Hip Fractures Increase Mortality in Men and Women

I nearly broke a hip shoveling snow yesterday! But new research in the Journal of the American Medical Association claims older men and women, age 60 and older, are at higher risk of mortality, i.e. death, 5 to 10 years after sustaining low-trauma fractures to the hips. Participants had suffered a break between April 1989 and May 2007 and scientists determined the risk factors associated with mortality were the bone break, weak quadriceps, smoking and low physical activity; Journal Watch reports.

Busted hips aren’t part of life, unless you get hit by a truck or something. Watch your diet, eat lots of fruits and vegetables and avoid animal products, salt and caffeine. Get plenty of vitamin D, it boosts absorption of calcium. And exercise, toning muscles keeps bones strong. Try using a rowing machine, doing back extensions, and for women, wearing a weighted vest builds strength and burns calories.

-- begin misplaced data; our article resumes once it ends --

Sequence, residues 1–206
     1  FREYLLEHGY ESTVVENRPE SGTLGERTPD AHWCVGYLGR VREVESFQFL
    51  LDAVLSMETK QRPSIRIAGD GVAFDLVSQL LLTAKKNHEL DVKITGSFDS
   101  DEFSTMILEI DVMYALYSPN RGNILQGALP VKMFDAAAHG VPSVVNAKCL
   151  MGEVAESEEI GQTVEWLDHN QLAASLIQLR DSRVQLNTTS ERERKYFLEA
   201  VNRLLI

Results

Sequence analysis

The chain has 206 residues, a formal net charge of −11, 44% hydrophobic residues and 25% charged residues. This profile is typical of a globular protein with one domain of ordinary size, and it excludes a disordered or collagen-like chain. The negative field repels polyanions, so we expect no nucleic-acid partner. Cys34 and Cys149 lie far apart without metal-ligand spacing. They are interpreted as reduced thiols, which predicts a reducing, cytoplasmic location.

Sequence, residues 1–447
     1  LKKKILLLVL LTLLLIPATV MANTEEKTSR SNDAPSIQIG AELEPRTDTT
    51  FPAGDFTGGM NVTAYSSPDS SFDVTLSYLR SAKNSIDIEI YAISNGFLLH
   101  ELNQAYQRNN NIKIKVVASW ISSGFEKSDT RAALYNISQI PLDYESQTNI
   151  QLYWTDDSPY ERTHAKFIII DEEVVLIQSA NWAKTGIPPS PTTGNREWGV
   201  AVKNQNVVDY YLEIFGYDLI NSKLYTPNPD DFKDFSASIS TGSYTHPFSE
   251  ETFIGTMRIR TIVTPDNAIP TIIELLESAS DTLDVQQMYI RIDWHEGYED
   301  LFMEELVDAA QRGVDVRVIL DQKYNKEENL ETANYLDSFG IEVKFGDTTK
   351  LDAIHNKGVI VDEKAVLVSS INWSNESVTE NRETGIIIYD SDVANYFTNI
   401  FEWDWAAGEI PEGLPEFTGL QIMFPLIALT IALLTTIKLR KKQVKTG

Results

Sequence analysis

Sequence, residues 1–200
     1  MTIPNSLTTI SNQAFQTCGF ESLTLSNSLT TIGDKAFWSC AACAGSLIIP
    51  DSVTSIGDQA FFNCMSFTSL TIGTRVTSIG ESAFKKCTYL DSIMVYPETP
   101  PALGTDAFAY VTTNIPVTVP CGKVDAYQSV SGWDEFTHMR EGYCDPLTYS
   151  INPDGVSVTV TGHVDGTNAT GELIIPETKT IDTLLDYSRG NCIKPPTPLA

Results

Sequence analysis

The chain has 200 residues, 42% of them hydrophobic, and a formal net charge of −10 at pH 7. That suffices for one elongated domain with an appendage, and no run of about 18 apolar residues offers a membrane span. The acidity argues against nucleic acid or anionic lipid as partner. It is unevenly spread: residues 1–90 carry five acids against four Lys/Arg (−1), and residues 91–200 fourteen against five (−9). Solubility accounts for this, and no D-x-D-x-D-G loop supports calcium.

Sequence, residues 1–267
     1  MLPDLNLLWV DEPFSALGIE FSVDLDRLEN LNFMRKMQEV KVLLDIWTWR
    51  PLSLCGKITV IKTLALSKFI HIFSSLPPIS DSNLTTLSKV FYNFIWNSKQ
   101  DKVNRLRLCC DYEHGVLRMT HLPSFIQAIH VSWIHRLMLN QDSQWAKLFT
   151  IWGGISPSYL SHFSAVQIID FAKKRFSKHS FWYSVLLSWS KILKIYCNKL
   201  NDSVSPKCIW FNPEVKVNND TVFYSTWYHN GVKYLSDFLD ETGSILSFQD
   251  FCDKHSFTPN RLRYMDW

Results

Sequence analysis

Now, time for a shameless plug! If you’re a man or women worried about your bones and developing osteoporosis, check out Dr. Fuhrman’s new DVD. It’ll give you strong bones for life!

Image credit: Esther17

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Comments (1) Read through and enter the discussion with the form at the end
Sara - March 3, 2009 10:23 PM

So, Gerry, have you done the exercises in Dr. Fuhrman's video? We did lunges like he has at class at the gym tonight. I was wearing the wrong shoes and was slipping all over. Can't lunge like that.

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